Passion high at the Tehran Hopkins Club

Observations on books

The prospect of ploughing through the complete works of Ezra Pound would have the members of most British book clubs choking on their chocolate digestives in horror. Not so the Tehran Hopkins Club; over the course of six months last year, its members analysed and annotated the poet's every obscure scribble without so much as a Kite Runner or a Curious Dog in sight - and what's more, they loved every minute.

"We're united by a passion for poetry and a desire to promote it in Iran," says Amir Azizmohammadi, who founded the Hopkins Club (named after the poet Gerard Manley) three years ago. "I think the majority of students in the club would much rather reform the system for studying English literature in Iran than disappear to England and study there."

Meetings are held every Monday afternoon in the disused offices of the banned literary magazine Karnameh; dust coats the desks and the posters are all peeling, but such touches only add to the atmosphere. The members hail from a variety of backgrounds - they range from impoverished students to culturally concerned doctors and dentists - but all attend meetings with the kind of reverence that would humble those jaded by literary freedoms in the west.

Nor are their efforts purely recreational: when they're done with a poet their notes go to translators, who prepare Farsi versions that are printed and bound along with the original English texts. In a few years they hope to publish the first Modern English Poets in Farsi - assuming they can find a publisher.

"We like to think that all major movements begin with a handful of dedicated people," says Maryam Akbari, a member since day one, "and that's exactly what we are."

Beyond dedication, however, the Hopkins Club lays claim to very little. The club's mentors - a roster of literary luminaries including Foucault, Eliot and Derrida - offer advice that is mostly posthumous, and the club's activities are extra-curricular, unofficial and entirely unfunded. Meanwhile Iran's academic curricula and publishing houses are at the mercy of an intellectual mafia allied to the government - which, under the new hardline president, Mahmoud Ahmadinejad, is edging towards a closed state of post-revolutionary Islamic purity.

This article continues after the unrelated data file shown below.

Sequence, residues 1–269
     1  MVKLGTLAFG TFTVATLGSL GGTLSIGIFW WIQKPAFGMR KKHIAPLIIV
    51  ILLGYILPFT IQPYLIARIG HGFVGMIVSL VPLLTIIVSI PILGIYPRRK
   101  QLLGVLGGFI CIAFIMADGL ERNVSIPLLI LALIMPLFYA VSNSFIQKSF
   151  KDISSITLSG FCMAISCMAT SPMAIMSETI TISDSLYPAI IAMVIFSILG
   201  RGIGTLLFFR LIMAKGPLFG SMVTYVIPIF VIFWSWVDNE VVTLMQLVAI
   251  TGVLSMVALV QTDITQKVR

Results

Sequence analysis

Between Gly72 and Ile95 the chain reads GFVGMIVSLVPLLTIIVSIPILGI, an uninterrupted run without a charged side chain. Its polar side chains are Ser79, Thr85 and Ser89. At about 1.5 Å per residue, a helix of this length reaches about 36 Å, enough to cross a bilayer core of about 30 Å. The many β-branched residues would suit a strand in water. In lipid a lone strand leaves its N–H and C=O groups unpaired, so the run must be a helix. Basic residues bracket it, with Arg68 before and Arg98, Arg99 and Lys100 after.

For now, Tehran's monolithic Shahre Ketab (Book City) sells purely non-threatening English-language paperbacks - including a staggering range of Victorian ghost stories - but in the light of increasing restrictions on foreign films and last month's blanket ban on western music, even this can't be guaranteed for much longer.

In this context the Hopkins Club seems to be preparing itself for an undertaking of great cultural significance. Numbers continue to swell, so the offices at Karnameh are now barely adequate. A website has been set up - - which serves as an open forum for Iranian literary enthusiasts as well as an archive for academic and creative writing of their own.

Talks at the club, mostly by members, are booked up until April 2007on subjects as diverse as modern Italian poetry and the philosophy of David Hume. In the meantime the club has just finished analysing the work of the American poet Wallace Stevens, and is about to begin an assessment of his contemporary Hart Crane.

"I think the world has every other kind of literary criticism," says a Hopkins stalwart, Sepehr Tabatabayee. "Marxist, post-feminist, queer theory - it sometimes feels like the only thing missing is an Iranian perspective, but I believe we're finally moving in the right direction."

In a country notorious for glorifying its past, the Tehran Hopkins Club is striding defiantly into the future.

This article first appeared in the 16 January 2006 issue of the New Statesman, We were wrong about Sharon